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Taking a New Look at Historical Objects: Interdisciplinary Technology Studies Unveil Insights

In-Person and Online Program

Evening Lecture/Seminar

Tuesday, May 2, 2023 - 6:45 p.m. to 8:45 p.m. ET
Code: 1J0259
Location:
In-person Ticket Holders: Ripley Center
1100 Jefferson Dr SW
Metro: Smithsonian (Mall exit)
Online Ticket Holders: Zoom
Select your Tickets
$30
In Person - Member
$30
Online - Member
$35
In Person - Nonmember
$35
Online - Nonmember

Digitally recovered library stamp from a stolen book (R.B. Toth Associates)

Registration Advisory: This program has multiple ticket options depending on your choice to attend in person at the S. Dillon Ripley Center or as an online program using Zoom.

The earliest known copy of work by Archimedes. Sir Isaac Newton’s sketch of how a rainbow is formed. Gutenberg and other early Bibles and Muslim manuscripts. All these historical objects have been digitized by Michael B. Toth and his colleagues in humanities and science.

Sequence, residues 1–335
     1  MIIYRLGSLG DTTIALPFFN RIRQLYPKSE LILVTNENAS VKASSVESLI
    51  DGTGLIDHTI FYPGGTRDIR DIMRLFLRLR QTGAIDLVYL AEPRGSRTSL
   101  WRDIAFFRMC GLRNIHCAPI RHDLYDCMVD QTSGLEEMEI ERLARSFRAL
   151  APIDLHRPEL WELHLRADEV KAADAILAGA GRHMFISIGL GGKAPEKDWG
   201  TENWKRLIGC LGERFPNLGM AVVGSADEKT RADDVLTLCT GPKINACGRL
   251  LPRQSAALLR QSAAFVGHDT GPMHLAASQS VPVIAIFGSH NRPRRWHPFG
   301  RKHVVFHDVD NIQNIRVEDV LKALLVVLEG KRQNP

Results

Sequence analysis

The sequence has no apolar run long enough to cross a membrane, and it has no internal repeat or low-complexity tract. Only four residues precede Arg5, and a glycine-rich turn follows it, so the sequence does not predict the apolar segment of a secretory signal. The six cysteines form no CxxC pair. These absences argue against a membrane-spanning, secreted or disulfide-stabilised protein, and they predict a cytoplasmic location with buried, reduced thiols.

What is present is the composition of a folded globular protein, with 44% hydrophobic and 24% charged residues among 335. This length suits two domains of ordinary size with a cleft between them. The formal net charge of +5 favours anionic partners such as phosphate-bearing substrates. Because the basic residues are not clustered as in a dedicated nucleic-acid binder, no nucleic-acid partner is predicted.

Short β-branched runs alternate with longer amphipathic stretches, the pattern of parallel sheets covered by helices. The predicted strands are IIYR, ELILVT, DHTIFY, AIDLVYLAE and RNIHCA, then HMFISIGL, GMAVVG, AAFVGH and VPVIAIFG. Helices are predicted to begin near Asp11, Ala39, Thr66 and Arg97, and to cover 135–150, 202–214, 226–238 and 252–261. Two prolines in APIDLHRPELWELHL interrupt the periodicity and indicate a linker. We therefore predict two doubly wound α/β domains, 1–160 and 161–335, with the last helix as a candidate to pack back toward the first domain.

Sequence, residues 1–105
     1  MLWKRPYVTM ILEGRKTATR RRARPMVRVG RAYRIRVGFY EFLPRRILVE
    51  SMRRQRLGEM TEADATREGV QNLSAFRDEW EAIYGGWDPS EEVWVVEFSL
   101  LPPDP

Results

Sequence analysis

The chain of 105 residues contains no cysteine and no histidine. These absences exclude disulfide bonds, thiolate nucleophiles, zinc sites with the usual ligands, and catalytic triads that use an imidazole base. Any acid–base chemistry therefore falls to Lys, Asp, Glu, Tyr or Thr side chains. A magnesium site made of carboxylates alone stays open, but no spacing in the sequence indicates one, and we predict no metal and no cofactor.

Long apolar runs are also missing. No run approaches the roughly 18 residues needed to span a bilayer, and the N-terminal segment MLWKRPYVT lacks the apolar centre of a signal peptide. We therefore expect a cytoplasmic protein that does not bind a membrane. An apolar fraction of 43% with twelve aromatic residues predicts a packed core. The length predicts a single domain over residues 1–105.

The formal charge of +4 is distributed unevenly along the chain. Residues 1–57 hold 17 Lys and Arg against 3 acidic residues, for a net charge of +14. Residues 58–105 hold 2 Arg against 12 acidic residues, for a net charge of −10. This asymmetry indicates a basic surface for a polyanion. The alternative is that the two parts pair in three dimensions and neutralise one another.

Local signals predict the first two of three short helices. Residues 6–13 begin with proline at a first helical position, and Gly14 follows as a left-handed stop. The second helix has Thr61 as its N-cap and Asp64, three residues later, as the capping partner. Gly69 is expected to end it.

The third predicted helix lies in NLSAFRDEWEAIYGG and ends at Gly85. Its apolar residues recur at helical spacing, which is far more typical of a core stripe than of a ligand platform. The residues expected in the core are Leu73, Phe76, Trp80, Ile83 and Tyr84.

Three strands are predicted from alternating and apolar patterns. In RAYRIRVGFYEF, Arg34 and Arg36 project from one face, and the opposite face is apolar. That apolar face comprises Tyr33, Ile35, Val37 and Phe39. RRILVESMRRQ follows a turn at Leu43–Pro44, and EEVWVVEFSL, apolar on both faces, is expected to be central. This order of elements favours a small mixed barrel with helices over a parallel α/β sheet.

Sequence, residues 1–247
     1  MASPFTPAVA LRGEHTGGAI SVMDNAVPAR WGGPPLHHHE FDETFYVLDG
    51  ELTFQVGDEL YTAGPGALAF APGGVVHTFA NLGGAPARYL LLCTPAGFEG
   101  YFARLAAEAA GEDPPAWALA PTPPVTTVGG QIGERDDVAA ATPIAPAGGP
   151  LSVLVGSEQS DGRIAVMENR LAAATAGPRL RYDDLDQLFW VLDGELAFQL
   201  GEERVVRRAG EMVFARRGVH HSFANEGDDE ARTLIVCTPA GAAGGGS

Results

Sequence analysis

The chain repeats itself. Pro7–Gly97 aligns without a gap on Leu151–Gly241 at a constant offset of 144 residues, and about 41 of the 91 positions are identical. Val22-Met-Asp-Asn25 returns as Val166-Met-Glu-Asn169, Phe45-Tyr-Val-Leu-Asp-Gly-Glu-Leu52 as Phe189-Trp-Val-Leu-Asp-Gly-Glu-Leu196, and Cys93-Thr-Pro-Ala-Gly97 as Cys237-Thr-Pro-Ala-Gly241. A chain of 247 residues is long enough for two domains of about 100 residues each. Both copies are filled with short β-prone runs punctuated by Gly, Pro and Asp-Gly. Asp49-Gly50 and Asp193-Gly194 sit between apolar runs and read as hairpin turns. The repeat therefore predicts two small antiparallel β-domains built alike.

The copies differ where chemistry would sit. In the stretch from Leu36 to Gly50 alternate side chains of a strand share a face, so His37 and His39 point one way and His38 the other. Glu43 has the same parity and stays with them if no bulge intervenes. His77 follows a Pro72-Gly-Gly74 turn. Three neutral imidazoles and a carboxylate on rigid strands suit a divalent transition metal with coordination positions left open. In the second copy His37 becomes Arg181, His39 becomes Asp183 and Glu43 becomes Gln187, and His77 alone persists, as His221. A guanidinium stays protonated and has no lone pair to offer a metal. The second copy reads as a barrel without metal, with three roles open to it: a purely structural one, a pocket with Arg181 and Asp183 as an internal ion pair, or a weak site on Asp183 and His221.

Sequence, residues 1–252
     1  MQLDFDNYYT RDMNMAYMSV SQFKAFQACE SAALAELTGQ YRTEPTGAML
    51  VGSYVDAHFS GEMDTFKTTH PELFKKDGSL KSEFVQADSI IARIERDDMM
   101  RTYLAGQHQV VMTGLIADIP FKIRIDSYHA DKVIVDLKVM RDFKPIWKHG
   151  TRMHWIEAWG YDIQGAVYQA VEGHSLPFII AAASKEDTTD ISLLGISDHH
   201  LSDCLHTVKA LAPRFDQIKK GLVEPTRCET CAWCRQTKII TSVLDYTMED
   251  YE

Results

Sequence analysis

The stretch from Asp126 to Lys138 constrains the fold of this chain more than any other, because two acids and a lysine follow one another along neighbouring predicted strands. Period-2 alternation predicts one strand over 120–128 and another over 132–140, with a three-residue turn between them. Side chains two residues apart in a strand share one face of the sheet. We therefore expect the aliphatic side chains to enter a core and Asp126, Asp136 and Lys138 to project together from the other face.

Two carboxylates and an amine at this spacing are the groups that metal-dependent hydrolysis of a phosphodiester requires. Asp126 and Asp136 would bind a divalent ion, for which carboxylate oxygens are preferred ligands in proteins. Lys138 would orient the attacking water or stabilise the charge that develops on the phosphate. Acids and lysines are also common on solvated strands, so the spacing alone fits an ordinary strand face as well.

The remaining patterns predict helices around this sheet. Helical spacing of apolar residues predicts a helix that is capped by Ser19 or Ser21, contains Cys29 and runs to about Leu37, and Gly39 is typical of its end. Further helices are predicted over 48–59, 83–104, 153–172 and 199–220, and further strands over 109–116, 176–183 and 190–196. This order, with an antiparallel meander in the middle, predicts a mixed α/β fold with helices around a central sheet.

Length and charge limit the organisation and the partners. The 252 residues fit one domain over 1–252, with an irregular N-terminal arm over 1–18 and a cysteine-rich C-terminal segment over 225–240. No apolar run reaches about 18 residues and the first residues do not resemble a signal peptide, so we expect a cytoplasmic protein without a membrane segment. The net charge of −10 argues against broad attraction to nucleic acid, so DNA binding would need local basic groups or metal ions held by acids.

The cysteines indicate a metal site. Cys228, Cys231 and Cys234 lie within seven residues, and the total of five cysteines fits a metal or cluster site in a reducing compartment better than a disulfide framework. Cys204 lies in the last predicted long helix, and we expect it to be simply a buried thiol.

Using powerful sensors and computers—and even a repurposed particle accelerator—and working with museums, universities, and private collectors, they mine everything from manuscripts to fossils to lacquerware panels for new information about their content and creation. Among the institutions that have asked for such advanced technical studies are the National Museum of Asian Art, national libraries, Princeton, and Stanford.

Toth is the president of R.B. Toth Associates.

In-Person Program General Information

Online Program General Information

Inside Science